PRACTICE POINT:  The protections of section 11 of the comp law regarding sometimes cleverly attacked as here.  But recall that there is also an opportunity to expand that protection with the special/general employer argument.  This argument, which provides protection to both the special and general employer, can be very useful in defending specific types of cases.  Crane operators, temporary employees, workers “borrowed” from other trades on a work site are all examples of potential special employee situations.  Again, as above, time can be critical in developing the evidence necessary to successfully make the special employee claim successful, and thus the protection effective.  An early investigation by an attorney well versed in this type of matter can be the difference between a successful defense, and a missed opportunity. 

 

 

Perez v Beach Concerts, Inc.

October 26, 2017

Appellate Division, First Department

 

Plaintiff fell while helping set up the second tier truss system of a sponsorship booth. The trial court granted plaintiff’s motion for partial summary judgment on his Labor Law § 240(1) claim.

 

Labor Law § 240(1) (DRA) 

The Frist Department affirmed. First, the court determined that Live Nation was a proper defendant under the Labor Law as an “owner” in its role as licensee. The record demonstrates that Live Nation had the sole authority to operate and maintain the premises, including the right to insist that workers on the site follow proper safety practices.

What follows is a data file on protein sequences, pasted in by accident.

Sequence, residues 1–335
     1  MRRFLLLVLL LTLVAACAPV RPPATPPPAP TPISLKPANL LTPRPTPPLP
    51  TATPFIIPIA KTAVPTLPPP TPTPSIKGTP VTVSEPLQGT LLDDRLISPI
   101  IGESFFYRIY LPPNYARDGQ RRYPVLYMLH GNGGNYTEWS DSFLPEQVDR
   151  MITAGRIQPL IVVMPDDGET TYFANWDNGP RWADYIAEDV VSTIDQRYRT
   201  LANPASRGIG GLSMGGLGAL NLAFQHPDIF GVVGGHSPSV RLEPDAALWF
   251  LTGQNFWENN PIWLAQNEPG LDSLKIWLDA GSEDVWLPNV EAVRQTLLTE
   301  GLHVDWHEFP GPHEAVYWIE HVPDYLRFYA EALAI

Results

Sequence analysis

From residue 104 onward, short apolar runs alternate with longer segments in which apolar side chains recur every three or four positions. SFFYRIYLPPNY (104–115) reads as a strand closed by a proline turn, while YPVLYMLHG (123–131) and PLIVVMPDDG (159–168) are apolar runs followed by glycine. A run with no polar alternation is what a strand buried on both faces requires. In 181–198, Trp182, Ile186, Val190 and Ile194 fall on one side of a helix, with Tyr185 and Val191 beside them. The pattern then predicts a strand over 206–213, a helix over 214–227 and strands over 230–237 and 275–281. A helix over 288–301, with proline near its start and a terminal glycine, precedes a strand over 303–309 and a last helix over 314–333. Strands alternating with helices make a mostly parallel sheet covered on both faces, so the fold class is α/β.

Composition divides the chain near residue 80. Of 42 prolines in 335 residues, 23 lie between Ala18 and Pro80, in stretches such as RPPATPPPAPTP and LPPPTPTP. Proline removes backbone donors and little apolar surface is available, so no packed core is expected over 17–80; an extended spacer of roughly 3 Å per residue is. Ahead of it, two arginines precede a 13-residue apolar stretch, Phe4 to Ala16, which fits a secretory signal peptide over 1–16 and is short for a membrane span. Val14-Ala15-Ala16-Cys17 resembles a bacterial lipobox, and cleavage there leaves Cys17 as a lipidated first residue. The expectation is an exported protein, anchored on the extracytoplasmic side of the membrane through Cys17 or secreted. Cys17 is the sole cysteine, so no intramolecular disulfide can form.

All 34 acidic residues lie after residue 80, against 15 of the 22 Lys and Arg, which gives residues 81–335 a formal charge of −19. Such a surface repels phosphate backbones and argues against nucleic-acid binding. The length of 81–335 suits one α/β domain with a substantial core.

Second, as to whether the activity plaintiff was engaged in was a protected activity, the truss system plaintiff was constructing constituted a "structure" because, viewed as a whole, it extended the height of the booth from 10 feet to 16 feet, was comprised of several interlocking parts that were connected in a specific way, and required the use of a forklift and several people to construct it (Lewis Moors v Contel of N.Y., 78 NY2d 942, 943 [1991]; McCoy v Kirsch, 99 AD3d 13, 16-17 [2d Dept 2012]).

Although this truss system was being set up to allow for the display of branding, it was not a " decorative modification' because the work. . . entail[ed] far more than a mere change[] [to] the outward appearance of" the booth and, constituted an alteration to the preexisting structure.

PRACTICE POINT: There are two separate and important issues to be addressed here.  First is the status of the licensee as an owner for the purposes of the labor law. While the court here describes the defendant as an owner, they would be more appropriately be defined as an agent of the owner.  The definition of their status aside, the evidence is identical, the appropriate defendant will have the AUTHORITY to supervise, direct of control the means and methods of the plaintiff’s work, including safety issues.  That makes the defendant, whether the actual owner, an agent of the owner or a contractor an appropriate defendant,